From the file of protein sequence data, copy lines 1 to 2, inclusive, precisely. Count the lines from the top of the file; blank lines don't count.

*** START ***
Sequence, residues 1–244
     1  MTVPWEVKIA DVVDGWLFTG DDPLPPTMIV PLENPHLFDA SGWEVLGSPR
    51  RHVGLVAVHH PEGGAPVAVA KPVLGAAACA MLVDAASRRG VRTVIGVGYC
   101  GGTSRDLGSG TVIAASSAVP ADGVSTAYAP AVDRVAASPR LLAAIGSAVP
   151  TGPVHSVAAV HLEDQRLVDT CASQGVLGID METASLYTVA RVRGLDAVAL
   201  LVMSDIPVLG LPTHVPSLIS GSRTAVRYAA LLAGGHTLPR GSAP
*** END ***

Sequence, residues 1–244
     1  MTVPWEVKIA DVVDGWLFTG DDPLPPTMIV PLENPHLFDA SGWEVLGSPR